A question lawyers seem to be asking more and more frequently is, "How can I sustain the success I've had in my law practice?" Law firms inevitably reach a point in their "life" when "the way we've always done it" isn't working. And, in some cases, it may just be pure, (I hesitate to say) dumb luck that the firm has stumbled into the success it has had. One day you look up and ask, "how did that happen?" The next question then inevitably is, 'how can I do it again?" There is never a better time than at the end of a year to step back and take a look at what you're doing as a person, lawyer and firm. Where are you? Are you in a different place than you were this time last year? If so, is it a better place - a place you intended to be at the beginning of last year? Were you actively deliberate in your decisions and actions or did you spend another year reacting? Did you envision what the end of this year would look like and use that vision to guide your decision-making throughout the year? If not, I challenge you to plan strategically for where you want to be at the end of 2006 and to act "intentionally" to be sure you get there. As a firm, look at these things:

1. Who are your best clients? Identify the characteristics that your "best" clients share and incorporate those as guides into accepting and firing clients next year.

2. What are your best practice areas? Where is your core expertise; which practice areas have been most profitable for the firm over the past five years; how can you strengthen and market your core expertise in the coming year?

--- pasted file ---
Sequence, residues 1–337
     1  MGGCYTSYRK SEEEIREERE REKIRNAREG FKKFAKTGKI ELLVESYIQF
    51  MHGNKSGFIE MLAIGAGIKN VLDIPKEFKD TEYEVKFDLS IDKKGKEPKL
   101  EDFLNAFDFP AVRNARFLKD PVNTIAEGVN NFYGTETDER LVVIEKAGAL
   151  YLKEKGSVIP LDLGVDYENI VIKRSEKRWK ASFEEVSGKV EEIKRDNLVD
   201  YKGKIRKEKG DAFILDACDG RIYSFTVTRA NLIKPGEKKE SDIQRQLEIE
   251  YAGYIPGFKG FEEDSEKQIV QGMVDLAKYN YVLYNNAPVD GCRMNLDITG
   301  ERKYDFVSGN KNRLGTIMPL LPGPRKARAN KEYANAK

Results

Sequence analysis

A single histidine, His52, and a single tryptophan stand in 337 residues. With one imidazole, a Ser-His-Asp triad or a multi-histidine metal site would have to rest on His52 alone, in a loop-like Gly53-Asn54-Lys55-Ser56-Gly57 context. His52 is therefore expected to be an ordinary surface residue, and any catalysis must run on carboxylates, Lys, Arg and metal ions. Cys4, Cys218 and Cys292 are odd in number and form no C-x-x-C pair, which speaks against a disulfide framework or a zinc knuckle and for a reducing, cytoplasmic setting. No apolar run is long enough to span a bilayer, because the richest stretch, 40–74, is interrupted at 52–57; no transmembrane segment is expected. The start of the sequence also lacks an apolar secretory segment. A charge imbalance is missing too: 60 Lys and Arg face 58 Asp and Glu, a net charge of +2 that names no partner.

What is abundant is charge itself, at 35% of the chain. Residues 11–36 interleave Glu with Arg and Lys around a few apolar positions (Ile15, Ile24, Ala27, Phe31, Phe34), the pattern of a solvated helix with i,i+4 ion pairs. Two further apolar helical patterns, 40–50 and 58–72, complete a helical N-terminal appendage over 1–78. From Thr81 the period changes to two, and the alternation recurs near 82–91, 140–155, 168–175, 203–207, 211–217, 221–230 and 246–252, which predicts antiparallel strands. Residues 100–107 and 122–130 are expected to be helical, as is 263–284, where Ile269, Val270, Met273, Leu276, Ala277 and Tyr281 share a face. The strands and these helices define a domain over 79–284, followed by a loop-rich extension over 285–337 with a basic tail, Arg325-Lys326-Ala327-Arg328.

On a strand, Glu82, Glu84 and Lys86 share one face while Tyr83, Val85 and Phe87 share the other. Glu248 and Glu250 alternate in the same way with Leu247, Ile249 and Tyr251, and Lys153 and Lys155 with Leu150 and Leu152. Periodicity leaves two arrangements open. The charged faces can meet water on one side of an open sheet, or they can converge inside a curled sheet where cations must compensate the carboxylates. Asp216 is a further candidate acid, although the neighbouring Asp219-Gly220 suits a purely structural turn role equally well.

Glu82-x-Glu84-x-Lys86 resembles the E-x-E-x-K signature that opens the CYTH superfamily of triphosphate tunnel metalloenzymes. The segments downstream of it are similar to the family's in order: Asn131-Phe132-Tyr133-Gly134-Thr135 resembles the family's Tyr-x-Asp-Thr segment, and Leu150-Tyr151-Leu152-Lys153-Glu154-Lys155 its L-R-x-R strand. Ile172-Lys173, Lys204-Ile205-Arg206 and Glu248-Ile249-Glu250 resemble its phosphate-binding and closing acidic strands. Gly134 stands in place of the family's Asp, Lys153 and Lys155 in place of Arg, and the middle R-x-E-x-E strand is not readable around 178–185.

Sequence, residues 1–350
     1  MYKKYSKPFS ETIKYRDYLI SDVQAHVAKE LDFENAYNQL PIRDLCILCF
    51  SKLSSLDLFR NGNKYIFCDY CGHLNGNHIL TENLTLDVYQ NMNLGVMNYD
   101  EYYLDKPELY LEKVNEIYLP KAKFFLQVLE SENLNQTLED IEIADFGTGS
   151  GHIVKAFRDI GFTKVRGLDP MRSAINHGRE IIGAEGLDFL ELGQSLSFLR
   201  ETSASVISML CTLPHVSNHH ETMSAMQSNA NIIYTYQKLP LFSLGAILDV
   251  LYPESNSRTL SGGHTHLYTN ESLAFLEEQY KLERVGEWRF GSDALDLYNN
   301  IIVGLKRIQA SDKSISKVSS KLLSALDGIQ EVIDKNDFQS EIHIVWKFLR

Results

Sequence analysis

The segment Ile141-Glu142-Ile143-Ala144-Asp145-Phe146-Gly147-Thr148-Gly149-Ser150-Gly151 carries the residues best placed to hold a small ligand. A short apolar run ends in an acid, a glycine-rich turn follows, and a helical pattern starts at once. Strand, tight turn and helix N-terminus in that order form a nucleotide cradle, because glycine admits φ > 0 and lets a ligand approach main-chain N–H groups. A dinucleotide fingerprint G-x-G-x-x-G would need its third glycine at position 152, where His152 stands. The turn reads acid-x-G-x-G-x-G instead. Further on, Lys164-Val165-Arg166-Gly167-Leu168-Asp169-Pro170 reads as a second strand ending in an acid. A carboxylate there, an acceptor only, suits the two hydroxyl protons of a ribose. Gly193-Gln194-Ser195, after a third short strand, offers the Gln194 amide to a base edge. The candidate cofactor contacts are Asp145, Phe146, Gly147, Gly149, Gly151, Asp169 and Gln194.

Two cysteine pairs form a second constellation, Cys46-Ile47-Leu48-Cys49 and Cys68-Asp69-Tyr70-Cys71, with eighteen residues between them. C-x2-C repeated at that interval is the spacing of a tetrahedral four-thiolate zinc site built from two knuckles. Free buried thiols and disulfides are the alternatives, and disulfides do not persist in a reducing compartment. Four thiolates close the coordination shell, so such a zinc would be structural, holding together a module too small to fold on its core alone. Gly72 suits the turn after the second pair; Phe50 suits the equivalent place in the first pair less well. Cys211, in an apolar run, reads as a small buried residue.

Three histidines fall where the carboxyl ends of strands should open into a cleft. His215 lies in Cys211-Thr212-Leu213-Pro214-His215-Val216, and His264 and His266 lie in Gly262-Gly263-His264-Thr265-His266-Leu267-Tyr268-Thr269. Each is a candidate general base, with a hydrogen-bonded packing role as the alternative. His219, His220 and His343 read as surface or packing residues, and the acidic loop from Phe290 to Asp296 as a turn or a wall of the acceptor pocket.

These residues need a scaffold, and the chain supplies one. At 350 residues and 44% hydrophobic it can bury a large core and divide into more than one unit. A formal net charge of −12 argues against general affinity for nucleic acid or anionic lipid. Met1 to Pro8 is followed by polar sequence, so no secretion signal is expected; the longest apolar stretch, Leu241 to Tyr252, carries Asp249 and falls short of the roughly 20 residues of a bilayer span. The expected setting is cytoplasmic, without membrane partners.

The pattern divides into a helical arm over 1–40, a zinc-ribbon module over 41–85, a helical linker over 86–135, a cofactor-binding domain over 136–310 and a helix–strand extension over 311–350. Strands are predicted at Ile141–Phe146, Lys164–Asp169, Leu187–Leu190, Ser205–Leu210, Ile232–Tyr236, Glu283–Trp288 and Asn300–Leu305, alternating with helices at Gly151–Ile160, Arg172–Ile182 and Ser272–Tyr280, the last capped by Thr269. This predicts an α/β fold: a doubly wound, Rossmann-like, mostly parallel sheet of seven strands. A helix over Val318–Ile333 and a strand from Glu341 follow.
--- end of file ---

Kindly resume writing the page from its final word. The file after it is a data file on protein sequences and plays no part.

3. Ask your clients what you're doing right and what needs improvement. Find out if there are other services the firm can provide to them. Don't do it by paper or telephone. Go to their office, take them to lunch or dinner and really listen to them. Then implement their suggestions.

4. Look at how you are staffing your most profitable matters and your least profitable matters and be intentional about how you staff your matters in 2006.

5. Review your firm's "model". Is it relationship-driven or "eat-what-you-kill"? How "partner-heavy" is the firm? Will it sustain the firm beyond your generation?

6. Look at your compensation system. What is the distance between the highest and lowest paid partner? Does it cultivate the characteristics of a true partnership or are you in essence sharing space with each other?

7. How well are you prepared for disaster? Would the death of a key partner deal a fatal blow to the firm? Could you survive a natural or man-made disaster that might put you "down" for a few days?

8. How effective is the management of your firm? Is its structure an impediment to effective decision-making and forward movement? Are partners spending too much time on administrative tasks? Is your administrator a "yes" person or does he or she add real value to the administration of the firm?

9. Look at areas of exposure to malpractice and ethics violations. What steps can be taken to reduce the possibility of malpractice?

10. Embrace technology that enables you to best serve your clients.

Have a good year.

Thursday, November 10, 2005

Inability to Staff Support Functions is Slowing Recovery Process for N.O. and Gulfport Lawyers and Court Systems